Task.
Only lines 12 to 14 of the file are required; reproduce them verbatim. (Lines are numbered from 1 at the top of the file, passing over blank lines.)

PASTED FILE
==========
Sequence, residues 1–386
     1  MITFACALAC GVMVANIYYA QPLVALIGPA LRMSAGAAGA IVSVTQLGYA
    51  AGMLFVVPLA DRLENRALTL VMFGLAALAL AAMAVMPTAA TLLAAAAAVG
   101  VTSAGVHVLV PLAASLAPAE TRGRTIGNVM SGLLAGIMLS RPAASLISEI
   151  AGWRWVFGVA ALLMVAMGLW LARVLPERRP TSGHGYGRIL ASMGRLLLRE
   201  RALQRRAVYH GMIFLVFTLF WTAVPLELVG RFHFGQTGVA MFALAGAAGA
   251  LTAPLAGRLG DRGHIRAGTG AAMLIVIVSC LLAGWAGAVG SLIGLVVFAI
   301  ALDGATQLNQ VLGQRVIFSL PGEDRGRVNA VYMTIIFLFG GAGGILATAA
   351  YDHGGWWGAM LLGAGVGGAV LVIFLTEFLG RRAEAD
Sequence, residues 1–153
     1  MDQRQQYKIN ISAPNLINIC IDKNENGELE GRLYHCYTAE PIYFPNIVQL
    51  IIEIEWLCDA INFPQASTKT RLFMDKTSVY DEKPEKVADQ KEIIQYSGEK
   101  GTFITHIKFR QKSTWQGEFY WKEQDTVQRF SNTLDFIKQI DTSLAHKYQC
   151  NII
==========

    51  IIEIEWLCDA INFPQASTKT RLFMDKTSVY DEKPEKVADQ KEIIQYSGEK
   101  GTFITHIKFR QKSTWQGEFY WKEQDTVQRF SNTLDFIKQI DTSLAHKYQC
   151  NII